“The Kenyan Rift volcanoes are part of a larger Great Rift Valley complex that extends all the way from Mozambique to Djibouti; their presence in East Africa attests to the presence of magma reservoirs within the Earth’s crust,” said Lead Author Dr. Juliet Biggs, Rosenstiel Postdoctoral Fellow at the University of Miami. “Our study detected signs of activity in only four of the 11 volcanoes in the area -- Suswa, Menengai, Longonot and Paka -- all within the borders of Kenya.”
“The fact that these areas are so close to a major metropolitan area pose a challenge in terms of a large volcanic or seismic event” says co-author Cindy Ebinger. Suswa, Menengai and Longonot are all located in densely populated areas within 100 km of Nairoibi.
The study also provides insight as to the geothermal potential of the region. Kenya was the first African country to build geothermal energy plants to generate this renewable, environmentally friendly alternative to coal and oil. The impact of harnessing such a resource could provide an important economic engine for the region.
Geothermal energy is generated by drilling deep holes into the Earth’s crust, pumping cold water through one end so by the time it resurfaces it is steam, which is then used to fuel a turbine, which in turn drives a generator, and creates power.
“This study demonstrates the potential for using InSAR to measure active magmatic and tectonic phenomena in Africa, allowing us to watch the processes by which continents break apart” says lead author Juliet Biggs, who has just begun a 2-year project at the University of Oxford, funded by the European Space Agency, to map the pattern of volcanic activity, dike intrusion and active faulting along the whole of the East African Rift.
Barbra Gonzalez | RSMAS Miami
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The Institute of Semiconductor Technology and the Institute of Physical and Theoretical Chemistry, both members of the Laboratory for Emerging Nanometrology (LENA), at Technische Universität Braunschweig are partners in a new European research project entitled ChipScope, which aims to develop a completely new and extremely small optical microscope capable of observing the interior of living cells in real time. A consortium of 7 partners from 5 countries will tackle this issue with very ambitious objectives during a four-year research program.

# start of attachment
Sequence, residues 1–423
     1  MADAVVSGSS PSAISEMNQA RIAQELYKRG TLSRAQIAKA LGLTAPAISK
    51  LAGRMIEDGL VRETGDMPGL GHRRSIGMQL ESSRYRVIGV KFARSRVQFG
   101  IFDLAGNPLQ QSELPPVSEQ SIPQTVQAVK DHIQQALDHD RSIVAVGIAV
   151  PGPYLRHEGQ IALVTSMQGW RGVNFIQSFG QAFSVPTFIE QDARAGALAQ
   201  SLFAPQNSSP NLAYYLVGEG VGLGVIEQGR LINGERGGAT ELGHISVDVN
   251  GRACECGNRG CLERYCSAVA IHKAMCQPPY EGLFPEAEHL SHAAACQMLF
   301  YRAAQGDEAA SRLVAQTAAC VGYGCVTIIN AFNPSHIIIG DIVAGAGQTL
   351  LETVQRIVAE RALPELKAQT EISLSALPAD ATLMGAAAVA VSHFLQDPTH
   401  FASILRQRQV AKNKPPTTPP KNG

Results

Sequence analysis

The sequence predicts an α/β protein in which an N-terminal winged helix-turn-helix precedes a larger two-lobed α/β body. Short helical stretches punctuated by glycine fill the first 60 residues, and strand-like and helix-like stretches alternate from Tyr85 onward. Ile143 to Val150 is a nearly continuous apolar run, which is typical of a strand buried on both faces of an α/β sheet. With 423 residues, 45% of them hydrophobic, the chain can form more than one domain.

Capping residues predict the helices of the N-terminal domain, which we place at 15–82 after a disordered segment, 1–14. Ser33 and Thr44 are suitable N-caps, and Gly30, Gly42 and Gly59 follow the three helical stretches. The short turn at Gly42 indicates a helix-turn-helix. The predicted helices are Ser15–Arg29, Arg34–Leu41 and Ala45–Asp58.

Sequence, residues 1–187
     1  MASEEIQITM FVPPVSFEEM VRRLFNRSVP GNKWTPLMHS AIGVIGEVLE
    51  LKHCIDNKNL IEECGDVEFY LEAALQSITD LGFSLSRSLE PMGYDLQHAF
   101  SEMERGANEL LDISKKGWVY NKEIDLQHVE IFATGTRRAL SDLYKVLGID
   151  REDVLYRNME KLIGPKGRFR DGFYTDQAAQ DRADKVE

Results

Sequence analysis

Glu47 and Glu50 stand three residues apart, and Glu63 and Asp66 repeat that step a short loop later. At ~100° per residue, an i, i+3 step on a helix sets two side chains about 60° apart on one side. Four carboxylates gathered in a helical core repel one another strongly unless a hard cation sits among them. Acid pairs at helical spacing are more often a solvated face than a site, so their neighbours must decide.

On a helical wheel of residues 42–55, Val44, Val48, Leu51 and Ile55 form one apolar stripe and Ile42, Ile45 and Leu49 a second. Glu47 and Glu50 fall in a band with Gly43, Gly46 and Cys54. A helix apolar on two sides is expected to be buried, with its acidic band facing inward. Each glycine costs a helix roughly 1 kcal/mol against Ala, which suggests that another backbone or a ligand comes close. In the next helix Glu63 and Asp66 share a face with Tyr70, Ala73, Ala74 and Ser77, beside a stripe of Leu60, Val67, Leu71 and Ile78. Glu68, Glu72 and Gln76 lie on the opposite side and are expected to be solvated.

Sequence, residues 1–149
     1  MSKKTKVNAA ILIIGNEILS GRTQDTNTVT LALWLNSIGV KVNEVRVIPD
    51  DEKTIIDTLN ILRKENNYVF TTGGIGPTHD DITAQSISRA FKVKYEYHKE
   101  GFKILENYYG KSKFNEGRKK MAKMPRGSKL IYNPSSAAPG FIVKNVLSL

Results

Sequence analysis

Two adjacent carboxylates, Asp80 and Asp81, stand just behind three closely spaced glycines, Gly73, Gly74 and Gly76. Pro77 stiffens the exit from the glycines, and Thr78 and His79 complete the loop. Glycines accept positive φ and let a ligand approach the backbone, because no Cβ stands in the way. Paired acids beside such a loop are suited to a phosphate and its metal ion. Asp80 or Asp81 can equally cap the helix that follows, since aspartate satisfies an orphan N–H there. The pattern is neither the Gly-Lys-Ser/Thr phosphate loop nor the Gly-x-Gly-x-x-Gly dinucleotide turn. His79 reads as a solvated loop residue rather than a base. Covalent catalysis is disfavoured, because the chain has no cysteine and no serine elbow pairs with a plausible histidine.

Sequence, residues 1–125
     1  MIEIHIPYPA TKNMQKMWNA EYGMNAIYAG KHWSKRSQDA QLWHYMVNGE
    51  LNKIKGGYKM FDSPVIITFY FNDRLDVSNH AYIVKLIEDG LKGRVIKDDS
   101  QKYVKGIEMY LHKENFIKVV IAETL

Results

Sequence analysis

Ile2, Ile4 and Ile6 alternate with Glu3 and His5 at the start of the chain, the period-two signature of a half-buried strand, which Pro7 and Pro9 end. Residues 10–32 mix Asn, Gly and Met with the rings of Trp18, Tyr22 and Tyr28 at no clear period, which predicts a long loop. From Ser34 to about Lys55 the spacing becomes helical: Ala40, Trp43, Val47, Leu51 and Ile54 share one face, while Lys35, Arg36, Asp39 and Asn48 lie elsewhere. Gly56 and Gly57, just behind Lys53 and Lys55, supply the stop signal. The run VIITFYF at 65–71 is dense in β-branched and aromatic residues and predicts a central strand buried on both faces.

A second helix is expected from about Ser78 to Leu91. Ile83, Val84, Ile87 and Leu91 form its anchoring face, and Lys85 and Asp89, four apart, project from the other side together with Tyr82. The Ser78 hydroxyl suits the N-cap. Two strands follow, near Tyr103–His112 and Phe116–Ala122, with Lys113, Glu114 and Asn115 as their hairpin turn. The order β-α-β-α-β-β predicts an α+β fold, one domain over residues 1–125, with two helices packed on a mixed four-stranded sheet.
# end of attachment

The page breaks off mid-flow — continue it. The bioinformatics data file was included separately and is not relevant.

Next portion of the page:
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Astronomers from Bonn and Tautenburg in Thuringia (Germany) used the 100-m radio telescope at Effelsberg to observe several galaxy clusters. At the edges of these large accumulations of dark matter, stellar systems (galaxies), hot gas, and charged particles, they found magnetic fields that are exceptionally ordered over distances of many million light years. This makes them the most extended magnetic fields in the universe known so far.
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Galaxy clusters are the largest gravitationally bound structures in the universe. With a typical extent of about 10 million light years, i.e. 100 times the...
Researchers at the Goethe University Frankfurt, together with partners from the University of Tübingen in Germany and Queen Mary University as well as Francis Crick Institute from London (UK) have developed a novel technology to decipher the secret ubiquitin code.
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In the eternal search for next generation high-efficiency solar cells and LEDs, scientists at Los Alamos National Laboratory and their partners are creating...
Silicon nanosheets are thin, two-dimensional layers with exceptional optoelectronic properties very similar to those of graphene. Albeit, the nanosheets are less stable. Now researchers at the Technical University of Munich (TUM) have, for the first time ever, produced a composite material combining silicon nanosheets and a polymer that is both UV-resistant and easy to process. This brings the scientists a significant step closer to industrial applications like flexible displays and photosensors.
Silicon nanosheets are thin, two-dimensional layers with exceptional optoelectronic properties very similar to those of graphene. Albeit, the nanosheets are...
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